New Local Partnerships for Nature

The Government’s environment department, DEFRA, announced earlier this week that 41 new local nature partnerships (LNPs) have received approval. It’s a good start – but their work is only just beginning and the jury is still out on what benefits they will bring for the natural environment across England.

DEFRA has said that it will work with the other nine partnerships which did not get approval, to see if they can be brought on stream later this year. That is important as it will ensure that there is a comprehensive network of LNP coverage across the country.

Myself and colleagues from the Woodland Trust have been involved in a number of stakeholder workshops leading up to LNP bids in various parts of the country. In most cases, we have been impressed by the range of stakeholders involved and the commitment shown to joint working to achieve common objectives. 

The Woodland Trust sees LNPs having potential to deliver on the aims set out in the Lawton report and the Natural Environment White Paper of working at a landscape scale and across local authority boundaries to deliver big benefits for wildlife in general and woodland in particular. To quote a well-worn expression: we can achieve more working together than we can achieve alone, and this includes working across sectors and interest groups as well as across geographical and administrative boundaries.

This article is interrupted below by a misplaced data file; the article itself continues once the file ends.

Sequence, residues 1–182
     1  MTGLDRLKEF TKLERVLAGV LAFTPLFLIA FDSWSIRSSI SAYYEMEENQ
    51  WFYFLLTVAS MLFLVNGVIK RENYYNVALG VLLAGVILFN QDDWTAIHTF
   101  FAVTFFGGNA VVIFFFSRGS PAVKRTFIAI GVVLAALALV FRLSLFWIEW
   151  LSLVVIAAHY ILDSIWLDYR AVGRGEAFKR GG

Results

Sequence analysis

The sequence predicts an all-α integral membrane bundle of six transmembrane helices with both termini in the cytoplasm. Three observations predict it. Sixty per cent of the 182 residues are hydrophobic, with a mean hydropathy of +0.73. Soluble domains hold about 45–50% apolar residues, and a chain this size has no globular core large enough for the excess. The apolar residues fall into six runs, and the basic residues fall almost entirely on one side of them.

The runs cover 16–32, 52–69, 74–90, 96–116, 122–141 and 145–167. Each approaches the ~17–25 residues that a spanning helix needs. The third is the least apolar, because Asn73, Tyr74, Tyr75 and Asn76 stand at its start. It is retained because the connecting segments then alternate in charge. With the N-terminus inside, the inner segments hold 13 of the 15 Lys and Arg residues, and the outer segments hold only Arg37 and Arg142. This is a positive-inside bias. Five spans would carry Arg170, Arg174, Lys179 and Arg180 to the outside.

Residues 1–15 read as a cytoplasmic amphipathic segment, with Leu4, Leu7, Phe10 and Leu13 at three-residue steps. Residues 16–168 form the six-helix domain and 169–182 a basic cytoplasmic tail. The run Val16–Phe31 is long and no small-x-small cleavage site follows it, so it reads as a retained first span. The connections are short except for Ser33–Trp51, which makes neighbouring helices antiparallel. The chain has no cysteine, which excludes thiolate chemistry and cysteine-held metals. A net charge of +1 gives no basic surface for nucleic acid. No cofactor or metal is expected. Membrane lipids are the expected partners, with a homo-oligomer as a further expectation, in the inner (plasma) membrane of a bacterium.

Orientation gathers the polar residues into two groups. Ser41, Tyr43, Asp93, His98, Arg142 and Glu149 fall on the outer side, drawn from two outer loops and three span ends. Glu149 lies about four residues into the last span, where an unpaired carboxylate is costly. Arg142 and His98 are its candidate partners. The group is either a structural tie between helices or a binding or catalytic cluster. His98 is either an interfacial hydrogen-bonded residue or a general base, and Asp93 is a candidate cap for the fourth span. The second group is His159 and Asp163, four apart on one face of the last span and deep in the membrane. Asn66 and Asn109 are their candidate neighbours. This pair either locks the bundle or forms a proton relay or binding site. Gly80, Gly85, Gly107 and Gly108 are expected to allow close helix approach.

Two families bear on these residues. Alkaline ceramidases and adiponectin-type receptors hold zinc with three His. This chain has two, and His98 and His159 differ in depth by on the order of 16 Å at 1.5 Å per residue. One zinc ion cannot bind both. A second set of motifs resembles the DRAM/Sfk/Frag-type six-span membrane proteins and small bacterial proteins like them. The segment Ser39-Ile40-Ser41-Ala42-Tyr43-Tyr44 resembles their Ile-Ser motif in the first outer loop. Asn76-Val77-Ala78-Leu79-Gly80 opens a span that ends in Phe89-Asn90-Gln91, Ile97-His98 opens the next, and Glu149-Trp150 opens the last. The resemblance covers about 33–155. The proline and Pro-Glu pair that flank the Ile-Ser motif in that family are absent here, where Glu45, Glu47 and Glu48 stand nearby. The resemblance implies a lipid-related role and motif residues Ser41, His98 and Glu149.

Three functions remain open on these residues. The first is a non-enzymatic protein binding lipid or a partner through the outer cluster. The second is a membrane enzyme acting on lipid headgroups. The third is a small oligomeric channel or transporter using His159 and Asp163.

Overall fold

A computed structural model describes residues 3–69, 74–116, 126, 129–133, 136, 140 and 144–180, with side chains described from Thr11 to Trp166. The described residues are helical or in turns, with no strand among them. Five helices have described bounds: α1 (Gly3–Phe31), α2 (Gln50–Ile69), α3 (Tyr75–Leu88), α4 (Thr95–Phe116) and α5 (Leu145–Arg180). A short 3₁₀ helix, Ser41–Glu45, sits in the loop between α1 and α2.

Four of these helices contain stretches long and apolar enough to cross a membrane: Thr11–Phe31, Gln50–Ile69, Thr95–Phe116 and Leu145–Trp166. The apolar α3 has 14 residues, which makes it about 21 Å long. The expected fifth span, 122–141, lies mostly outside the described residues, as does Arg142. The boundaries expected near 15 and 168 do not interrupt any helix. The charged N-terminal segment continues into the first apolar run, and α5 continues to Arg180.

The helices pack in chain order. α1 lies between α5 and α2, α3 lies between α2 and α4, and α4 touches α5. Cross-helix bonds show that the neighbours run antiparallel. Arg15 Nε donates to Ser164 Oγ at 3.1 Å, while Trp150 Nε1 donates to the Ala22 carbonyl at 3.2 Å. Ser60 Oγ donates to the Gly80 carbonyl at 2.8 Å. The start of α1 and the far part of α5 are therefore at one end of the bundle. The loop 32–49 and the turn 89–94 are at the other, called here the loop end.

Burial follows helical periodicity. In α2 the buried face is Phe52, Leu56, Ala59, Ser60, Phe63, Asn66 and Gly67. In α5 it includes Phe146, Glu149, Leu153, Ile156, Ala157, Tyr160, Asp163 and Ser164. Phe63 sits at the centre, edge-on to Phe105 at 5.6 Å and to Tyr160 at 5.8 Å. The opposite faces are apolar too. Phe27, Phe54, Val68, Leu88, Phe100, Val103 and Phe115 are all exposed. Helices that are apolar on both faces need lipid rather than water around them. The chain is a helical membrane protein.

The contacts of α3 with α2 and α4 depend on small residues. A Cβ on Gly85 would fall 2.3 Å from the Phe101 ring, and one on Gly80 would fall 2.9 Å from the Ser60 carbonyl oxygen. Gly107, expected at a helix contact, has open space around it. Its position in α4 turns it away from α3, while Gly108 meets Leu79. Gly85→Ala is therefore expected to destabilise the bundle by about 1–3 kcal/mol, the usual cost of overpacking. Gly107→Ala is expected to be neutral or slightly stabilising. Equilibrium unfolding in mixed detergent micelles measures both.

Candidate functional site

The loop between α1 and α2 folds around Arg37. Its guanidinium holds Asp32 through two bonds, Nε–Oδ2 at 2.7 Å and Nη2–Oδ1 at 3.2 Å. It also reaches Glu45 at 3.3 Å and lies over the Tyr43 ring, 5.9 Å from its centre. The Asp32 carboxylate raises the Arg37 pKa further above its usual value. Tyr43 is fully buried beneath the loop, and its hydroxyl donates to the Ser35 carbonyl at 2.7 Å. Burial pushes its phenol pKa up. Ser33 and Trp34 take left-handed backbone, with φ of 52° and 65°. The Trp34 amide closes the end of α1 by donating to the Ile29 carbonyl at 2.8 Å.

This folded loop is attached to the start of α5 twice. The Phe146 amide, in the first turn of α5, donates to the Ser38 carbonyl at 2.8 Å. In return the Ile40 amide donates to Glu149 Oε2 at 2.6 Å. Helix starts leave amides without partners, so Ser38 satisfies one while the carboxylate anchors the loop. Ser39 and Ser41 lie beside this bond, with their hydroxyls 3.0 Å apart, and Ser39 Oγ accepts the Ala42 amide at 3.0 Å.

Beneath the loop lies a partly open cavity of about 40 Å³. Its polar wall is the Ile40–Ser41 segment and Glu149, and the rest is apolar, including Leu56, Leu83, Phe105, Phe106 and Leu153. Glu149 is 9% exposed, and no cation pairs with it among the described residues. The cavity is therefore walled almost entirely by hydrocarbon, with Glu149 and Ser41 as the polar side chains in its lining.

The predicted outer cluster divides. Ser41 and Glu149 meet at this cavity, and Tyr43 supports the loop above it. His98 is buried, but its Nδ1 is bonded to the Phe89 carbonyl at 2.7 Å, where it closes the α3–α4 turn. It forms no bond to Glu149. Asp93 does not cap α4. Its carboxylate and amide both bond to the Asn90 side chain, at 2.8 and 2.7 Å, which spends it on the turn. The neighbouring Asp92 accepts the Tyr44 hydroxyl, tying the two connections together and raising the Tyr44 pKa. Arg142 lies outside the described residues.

But to be effective, it’s also important that LNPs establish good linkages with other recently created bodies such as the Health and Well Being Boards and Local Enterprise Partnerships, reflecting the potential which the natural environment has to deliver social and economic as well as environmental outcomes. Having a LNP rep on the board of each Local Enterprise Partnership is one way in which this could be achieved.  

The newly approved Local Nature Partnerships will start working in the next few months on developing structures, priorities and action plans. I hope that their structures will continue to effectively involve all stakeholders and be open and accountable. Their priorities and plans need to focus not just on mapping and strategy but also lead to delivery of effective gains on the ground for the natural environment and biodiversity. 

What do you think a Local Nature Partnership could do for wildlife in your area?

Nick Sandford, Regional Policy Officer – North West & North East

About Kaye Brennan

Senior Campaigner (Policy & Advocacy) for the Woodland Trust and Administrator, 'Woodland Matters' blog
This entry was posted in Climate Change, Government Affairs, Local Government, Protection, Woodland creation and tagged , , , , , , , , . Bookmark the permalink.

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